Hey there, time traveller!
This article was published 4/9/2019 (217 days ago), so information in it may no longer be current.
What has largely been political silence on platforms to address the recommendations of the National Inquiry into Missing and Murdered Indigenous Women and Girls broke Tuesday, when the Manitoba Liberals addressed controversial comments from an election hopeful.
For nearly three years, the inquiry held hearings for families to amplify their loved ones’ stories and speak to injustices. On June 3, it released a final report that offered 231 "calls for justice" to Canadian institutions and the public to protect Indigenous women and girls from violence.
Following a public forum in Portage la Prairie, Charles Huband, former Manitoba Liberal Party leader and the candidate for the area, told local media it was time to "move on" from the inquiry. However, it is unclear exactly what he was asked in a recording of the interview.
"I would say move on, move on to other issues that affect Indigenous people," Huband said in an audio recording published last week by Portage Online.
In the recording, he adds "reports" indicate steps that might be taken to improve life on reserves, in terms of education, employment and housing. "That I think is more important than continuing to concern ourselves about a report that’s already been provided and that we can all read at our leisure."
Nahanni Fontaine, the New Democrat candidate for St. Johns and a member of Sagkeeng First Nation, called the comments "cold and heartless."
"Move on from what?" she said. "Nothing’s been done yet.
"It’s incredibly hurtful towards MMIWG family members and Indigenous women who have been fighting for this issue for well over 40 years, to bring attention to the issue," Fontaine said, adding the NDP committed to implementing the calls for justice when the report was first released.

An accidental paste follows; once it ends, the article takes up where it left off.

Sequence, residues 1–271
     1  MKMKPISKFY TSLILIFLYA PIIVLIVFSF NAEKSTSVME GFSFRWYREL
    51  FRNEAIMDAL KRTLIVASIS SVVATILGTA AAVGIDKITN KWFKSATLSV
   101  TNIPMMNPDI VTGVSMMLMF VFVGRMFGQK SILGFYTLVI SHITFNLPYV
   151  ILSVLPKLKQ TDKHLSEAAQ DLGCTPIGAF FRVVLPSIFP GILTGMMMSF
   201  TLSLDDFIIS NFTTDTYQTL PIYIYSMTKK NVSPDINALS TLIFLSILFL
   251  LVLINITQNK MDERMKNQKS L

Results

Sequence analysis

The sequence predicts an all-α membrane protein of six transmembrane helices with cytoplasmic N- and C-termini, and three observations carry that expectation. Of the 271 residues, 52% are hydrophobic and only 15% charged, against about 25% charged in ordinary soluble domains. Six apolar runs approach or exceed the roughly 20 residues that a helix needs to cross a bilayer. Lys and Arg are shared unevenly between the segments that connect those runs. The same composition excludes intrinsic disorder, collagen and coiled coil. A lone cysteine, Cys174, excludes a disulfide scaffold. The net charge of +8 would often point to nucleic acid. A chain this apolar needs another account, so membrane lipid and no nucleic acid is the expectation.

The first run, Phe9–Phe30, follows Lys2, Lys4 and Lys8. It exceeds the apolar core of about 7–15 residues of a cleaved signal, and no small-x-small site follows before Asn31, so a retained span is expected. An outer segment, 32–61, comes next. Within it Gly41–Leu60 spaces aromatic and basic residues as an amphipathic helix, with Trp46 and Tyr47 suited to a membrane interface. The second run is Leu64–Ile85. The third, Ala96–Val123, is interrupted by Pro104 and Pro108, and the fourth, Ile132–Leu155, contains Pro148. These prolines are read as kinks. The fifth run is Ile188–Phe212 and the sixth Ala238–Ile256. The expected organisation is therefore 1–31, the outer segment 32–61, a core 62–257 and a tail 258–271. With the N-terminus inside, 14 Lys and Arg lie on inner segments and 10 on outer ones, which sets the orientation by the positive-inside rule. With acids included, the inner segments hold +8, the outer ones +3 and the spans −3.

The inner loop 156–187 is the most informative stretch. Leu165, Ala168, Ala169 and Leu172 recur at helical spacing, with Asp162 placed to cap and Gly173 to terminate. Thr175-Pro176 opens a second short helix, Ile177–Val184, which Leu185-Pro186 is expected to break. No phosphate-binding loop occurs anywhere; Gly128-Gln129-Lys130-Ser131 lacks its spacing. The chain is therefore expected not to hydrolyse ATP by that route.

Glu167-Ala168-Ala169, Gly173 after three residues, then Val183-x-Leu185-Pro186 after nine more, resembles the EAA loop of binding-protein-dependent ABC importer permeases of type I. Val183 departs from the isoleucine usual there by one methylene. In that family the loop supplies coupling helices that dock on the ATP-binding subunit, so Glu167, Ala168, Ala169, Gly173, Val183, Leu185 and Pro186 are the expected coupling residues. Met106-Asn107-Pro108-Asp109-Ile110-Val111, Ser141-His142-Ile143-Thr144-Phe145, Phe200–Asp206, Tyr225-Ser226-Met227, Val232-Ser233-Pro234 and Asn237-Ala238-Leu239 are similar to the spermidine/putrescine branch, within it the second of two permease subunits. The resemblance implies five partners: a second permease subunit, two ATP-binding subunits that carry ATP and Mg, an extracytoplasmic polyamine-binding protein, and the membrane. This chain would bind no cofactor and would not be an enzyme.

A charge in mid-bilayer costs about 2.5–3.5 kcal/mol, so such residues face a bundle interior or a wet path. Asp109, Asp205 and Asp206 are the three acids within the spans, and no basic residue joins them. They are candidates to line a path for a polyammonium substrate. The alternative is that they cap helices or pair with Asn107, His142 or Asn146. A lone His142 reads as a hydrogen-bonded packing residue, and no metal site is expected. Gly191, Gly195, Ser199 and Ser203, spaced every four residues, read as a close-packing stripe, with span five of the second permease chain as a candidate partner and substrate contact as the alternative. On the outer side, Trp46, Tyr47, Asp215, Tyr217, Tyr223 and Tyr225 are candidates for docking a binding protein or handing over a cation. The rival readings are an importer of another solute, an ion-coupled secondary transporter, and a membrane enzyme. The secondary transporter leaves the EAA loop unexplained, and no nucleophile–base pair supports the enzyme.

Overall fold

When asked about the comment at a news conference Tuesday, Manitoba Liberal Leader Dougald Lamont said the "most important thing" is implementing the inquiry’s recommendations.
The party apologized for Huband’s comments and is clear in its stance — "the time for talk is over, and the time for action is now," Liberal spokesman Colin Roy said in a statement.
"Mr. Huband’s intention was never meant to downplay the seriousness of the issue," Roy said. "His intention was to call for action on the many issues that came up in this inquiry."
Meanwhile, the party also addressed a March 28, 2018, post by Twitter user @FrangiSunday, in which the user — who appeared to be Liberal Brandon West candidate Sunday Frangi — retweeted a link to a story about the Pope’s decision not to issue an apology to residential school survivors.
The user wrote: "Apologize for what? Will that be the end of those many apologies to indigenous Pple here in Canada! Knowing that Canadian government itself had apologized before on behalf of all Canadian."
Roy said Frangi’s handle is @SundayFrangi and the former account was an impersonator, who has been reported to Twitter. @FrangiSunday was deactivated later in the day, after the Free Press reached out for comment.
Maggie Macintosh reports on education for the Winnipeg Free Press. Funding for the Free Press education reporter comes from the Government of Canada through the Local Journalism Initiative.
Updated on Wednesday, September 4, 2019 at 6:17 AM CDT: Fixes headline, adds photo
12:44 PM: Clarifies when the recording was posted.